Instrumenting Erlang code

classic Classic list List threaded Threaded
10 messages Options
Reply | Threaded
Open this post in threaded view
|

Instrumenting Erlang code

Frank Muller
Hi everyone

I would like to implement a custom instrumentation module for my Erlang code.
Let assume this function:

f1() ->
   … code here …
   ok.

When instrumenting this function, I would like it to look like:

f1() ->
   instrument:start(),

   … code here …

   instrument:end(), <— just before retuning from f1 
   ok.

Other problem I can think of is when we have multiple return paths and/or recursive loop:

f2() ->
  instrument:start(),

  receive ->
    {msg1, M1} -> instrument:end(), M1;
    {msg2, M2} -> instrument:end(), M2;
    _ -> instrument:end(), f2()
  end.

Is that doable?
If yes, can I apply like this logic to all modules running in my Erlang node?

@Kostis: does Concuerror (https://github.com/parapluu/Concuerror) use this technique?

Thanks for you help.
/Frank

Reply | Threaded
Open this post in threaded view
|

Re: Instrumenting Erlang code

Jesper Louis Andersen-2
On Sun, Jan 26, 2020 at 1:58 PM Frank Muller <[hidden email]> wrote:
Hi everyone

I would like to implement a custom instrumentation module for my Erlang code.
Let assume this function:


If you have

f1() ->
  Exprs,
  ok.

You can write

f1() ->
  S = instrument:start(),
  try
    Exprs,
    ok
  finally
    instrument:end(S)
  end.

However, some times you want to track an error apart from a success value. Positive and negative exit paths often require different instrumentation. The success path is often interested in processing time (latency) in addition to processing count. The error path often centers around the idea of an error count, especially if the exit is fast. If you blend them, the problem is that the fast errors muddles your view of the successes, as your latency distribution becomes multi-modal. In turn, your mean and median doesn't work like you think they do anymore.


Other problem I can think of is when we have multiple return paths and/or recursive loop:


If you loop, you want to wrap:

f1(0) -> ok;
f1(N) ->
  do(),
  f(N-1).

f1_(N) ->
  S = instrument:start(),
  try
    f1(N)
  finally
    instrument:end(S)
  end.

This only pushes a single exception handler to the stack. An important caveat is when Exprs or do() hibernates. Beware of that situation, since it removes the stack and invokes a continuation.


Is that doable?
If yes, can I apply like this logic to all modules running in my Erlang node?


Yes, parse transforms.

But in my experience, applying something to all modules is usually the wrong way to go about instrumentation. Maybe with a 

-instrument([F, ...]).

to help the parsetransform along the way.

(

This is considerably easier in something like Elixir with its macro system, or OCaml, because you have PPX extensions.

In OCaml, you would have

let f1() ->
    Expr.

And you could just annotate it

let%instrument f1() ->
  Expr.

And write a PPX rewriter for that. 

)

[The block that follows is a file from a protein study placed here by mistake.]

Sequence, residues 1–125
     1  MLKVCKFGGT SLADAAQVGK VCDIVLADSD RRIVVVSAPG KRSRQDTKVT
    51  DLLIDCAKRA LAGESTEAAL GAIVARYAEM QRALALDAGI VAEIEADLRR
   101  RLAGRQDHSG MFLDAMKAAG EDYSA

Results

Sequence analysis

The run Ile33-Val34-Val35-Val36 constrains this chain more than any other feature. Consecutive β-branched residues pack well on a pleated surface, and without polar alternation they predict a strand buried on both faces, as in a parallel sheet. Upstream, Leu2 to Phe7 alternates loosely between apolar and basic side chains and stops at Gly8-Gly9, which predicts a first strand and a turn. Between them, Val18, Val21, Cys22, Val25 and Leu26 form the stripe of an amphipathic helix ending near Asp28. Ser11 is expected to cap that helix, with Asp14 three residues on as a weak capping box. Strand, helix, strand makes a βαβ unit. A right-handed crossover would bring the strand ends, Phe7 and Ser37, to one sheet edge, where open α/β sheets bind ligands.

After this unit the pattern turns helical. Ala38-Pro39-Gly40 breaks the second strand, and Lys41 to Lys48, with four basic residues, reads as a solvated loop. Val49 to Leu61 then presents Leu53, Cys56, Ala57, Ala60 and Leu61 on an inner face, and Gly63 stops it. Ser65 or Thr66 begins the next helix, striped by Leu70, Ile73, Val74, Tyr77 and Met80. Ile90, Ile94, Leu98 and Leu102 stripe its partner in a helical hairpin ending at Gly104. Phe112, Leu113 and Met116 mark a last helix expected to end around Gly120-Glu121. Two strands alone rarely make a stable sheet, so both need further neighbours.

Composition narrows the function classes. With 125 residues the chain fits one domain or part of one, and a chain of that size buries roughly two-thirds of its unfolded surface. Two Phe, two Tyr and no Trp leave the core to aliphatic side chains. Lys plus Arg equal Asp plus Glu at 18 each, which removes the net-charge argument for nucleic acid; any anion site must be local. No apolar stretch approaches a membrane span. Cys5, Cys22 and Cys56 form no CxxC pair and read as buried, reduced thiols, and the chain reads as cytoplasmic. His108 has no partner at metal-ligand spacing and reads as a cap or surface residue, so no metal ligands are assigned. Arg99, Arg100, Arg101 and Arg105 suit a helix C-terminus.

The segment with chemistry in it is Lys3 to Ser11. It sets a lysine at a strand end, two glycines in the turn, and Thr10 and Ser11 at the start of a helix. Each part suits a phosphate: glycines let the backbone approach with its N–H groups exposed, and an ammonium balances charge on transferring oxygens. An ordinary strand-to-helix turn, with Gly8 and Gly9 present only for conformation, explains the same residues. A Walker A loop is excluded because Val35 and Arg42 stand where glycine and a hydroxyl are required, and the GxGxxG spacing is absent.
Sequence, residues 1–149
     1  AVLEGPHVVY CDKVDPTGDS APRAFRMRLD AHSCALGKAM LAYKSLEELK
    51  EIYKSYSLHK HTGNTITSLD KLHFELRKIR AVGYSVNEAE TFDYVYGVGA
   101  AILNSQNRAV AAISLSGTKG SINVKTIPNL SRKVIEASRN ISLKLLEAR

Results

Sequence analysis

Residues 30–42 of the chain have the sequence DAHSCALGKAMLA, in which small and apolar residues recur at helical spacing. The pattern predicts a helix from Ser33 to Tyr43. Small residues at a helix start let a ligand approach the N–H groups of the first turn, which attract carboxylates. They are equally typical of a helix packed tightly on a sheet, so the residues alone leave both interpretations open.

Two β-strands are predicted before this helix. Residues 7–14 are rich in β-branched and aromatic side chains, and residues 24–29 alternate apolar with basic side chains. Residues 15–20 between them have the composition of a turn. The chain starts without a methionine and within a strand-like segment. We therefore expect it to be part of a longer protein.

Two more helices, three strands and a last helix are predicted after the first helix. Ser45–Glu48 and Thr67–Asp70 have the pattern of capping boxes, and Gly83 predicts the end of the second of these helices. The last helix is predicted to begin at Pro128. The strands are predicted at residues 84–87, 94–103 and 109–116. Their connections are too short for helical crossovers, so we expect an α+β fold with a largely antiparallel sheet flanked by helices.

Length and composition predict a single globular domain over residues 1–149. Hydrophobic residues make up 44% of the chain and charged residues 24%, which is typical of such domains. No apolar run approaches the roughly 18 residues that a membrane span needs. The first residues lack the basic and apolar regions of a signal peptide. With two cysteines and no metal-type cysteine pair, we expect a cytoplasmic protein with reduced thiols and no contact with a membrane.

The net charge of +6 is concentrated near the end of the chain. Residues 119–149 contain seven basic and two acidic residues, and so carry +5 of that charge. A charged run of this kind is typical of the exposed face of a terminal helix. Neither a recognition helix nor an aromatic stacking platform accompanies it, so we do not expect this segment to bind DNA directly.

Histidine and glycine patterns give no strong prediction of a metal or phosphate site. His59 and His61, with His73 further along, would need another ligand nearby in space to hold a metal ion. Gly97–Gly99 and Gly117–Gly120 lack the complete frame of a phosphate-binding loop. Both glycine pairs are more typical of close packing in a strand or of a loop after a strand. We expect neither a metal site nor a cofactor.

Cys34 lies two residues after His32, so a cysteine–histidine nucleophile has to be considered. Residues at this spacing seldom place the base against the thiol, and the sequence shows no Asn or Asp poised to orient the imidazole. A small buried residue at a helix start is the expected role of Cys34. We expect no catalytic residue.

--
J.
Reply | Threaded
Open this post in threaded view
|

Re: Instrumenting Erlang code

Michael Truog
In reply to this post by Frank Muller
On 1/26/20 4:58 AM, Frank Muller wrote:
Hi everyone

I would like to implement a custom instrumentation module for my Erlang code.
Let assume this function:

You are describing that you need aspects from aspect oriented programming (that should be the best concept for what you want, when thinking about the problem).  I implemented this in CloudI (https://cloudi.org) as a list of functions that are executed in order with separate lists for before and after a callback function.  My approach used the following to represent a function [1]:

{Module :: atom(), Function :: atom()}

to represent a function of the expected arity (call it arity N), and:

{{Module :: atom(), Function :: atom()}}

to represent a function of arity 0 that returns a function of arity N, or a normal Erlang function.  Representing the function as a tuple with atoms allows specifying the function before it is loaded.  Using the arity 0 function indirection allows execution of source code before the function is created, normally when a function retains variables created before the function is created (a closure).  Using this approach made it easy to add monitoring to CloudI services and other things like batch execution of CloudI services.

Using functions as data (configuration for the source code [2]) avoids source code that lacks transparency, like macros or parse transforms.

Best Regards,
Michael

[1] Example type specification https://github.com/CloudI/CloudI/blob/7cac9108827ce58008eac7aa24e192c44e2fbfd6/src/lib/cloudi_core/src/cloudi_service_api.erl#L203-L205
[2] Example configuration of aspects https://github.com/CloudI/CloudI/blob/7cac9108827ce58008eac7aa24e192c44e2fbfd6/src/lib/cloudi_core/src/cloudi_service_api.erl#L429-L434
Reply | Threaded
Open this post in threaded view
|

Re: Instrumenting Erlang code

Vans S
On this topic, is there a way to attach instrumentation on the fly in a running system?  That can give you a callback onentry and onexit? To profile wall time and perhap do conditional matching / stack trace inspection. To see which calls trigger the slow path for example.

On Sunday, January 26, 2020, 12:46:57 p.m. EST, Michael Truog <[hidden email]> wrote:


On 1/26/20 4:58 AM, Frank Muller wrote:
Hi everyone

I would like to implement a custom instrumentation module for my Erlang code.
Let assume this function:


You are describing that you need aspects from aspect oriented programming (that should be the best concept for what you want, when thinking about the problem).  I implemented this in CloudI (https://cloudi.org) as a list of functions that are executed in order with separate lists for before and after a callback function.  My approach used the following to represent a function [1]:

{Module :: atom(), Function :: atom()}

to represent a function of the expected arity (call it arity N), and:

{{Module :: atom(), Function :: atom()}}

to represent a function of arity 0 that returns a function of arity N, or a normal Erlang function.  Representing the function as a tuple with atoms allows specifying the function before it is loaded.  Using the arity 0 function indirection allows execution of source code before the function is created, normally when a function retains variables created before the function is created (a closure).  Using this approach made it easy to add monitoring to CloudI services and other things like batch execution of CloudI services.